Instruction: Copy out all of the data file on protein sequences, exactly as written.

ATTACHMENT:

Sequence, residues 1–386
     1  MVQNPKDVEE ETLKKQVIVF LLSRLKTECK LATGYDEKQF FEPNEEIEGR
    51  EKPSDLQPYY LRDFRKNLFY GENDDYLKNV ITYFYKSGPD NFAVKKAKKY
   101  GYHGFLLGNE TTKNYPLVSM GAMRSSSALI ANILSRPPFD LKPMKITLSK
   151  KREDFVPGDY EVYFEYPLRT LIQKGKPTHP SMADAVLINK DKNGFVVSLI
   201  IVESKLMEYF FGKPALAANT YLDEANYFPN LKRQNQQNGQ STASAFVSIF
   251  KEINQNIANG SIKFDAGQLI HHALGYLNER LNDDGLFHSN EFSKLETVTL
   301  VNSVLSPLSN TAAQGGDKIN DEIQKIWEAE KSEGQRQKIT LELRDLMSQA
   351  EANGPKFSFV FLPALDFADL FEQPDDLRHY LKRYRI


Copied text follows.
Sequence, residues 1–386
     1  MVQNPKDVEE ETLKKQVIVF LLSRLKTECK LATGYDEKQF FEPNEEIEGR
    51  EKPSDLQPYY LRDFRKNLFY GENDDYLKNV ITYFYKSGPD NFAVKKAKKY
   101  GYHGFLLGNE TTKNYPLVSM GAMRSSSALI ANILSRPPFD LKPMKITLSK
   151  KREDFVPGDY EVYFEYPLRT LIQKGKPTHP SMADAVLINK DKNGFVVSLI
   201  IVESKLMEYF FGKPALAANT YLDEANYFPN LKRQNQQNGQ STASAFVSIF
   251  KEINQNIANG SIKFDAGQLI HHALGYLNER LNDDGLFHSN EFSKLETVTL
   301  VNSVLSPLSN TAAQGGDKIN DEIQKIWEAE KSEGQRQKIT LELRDLMSQA
   351  EANGPKFSFV FLPALDFADL FEQPDDLRHY LKRYRI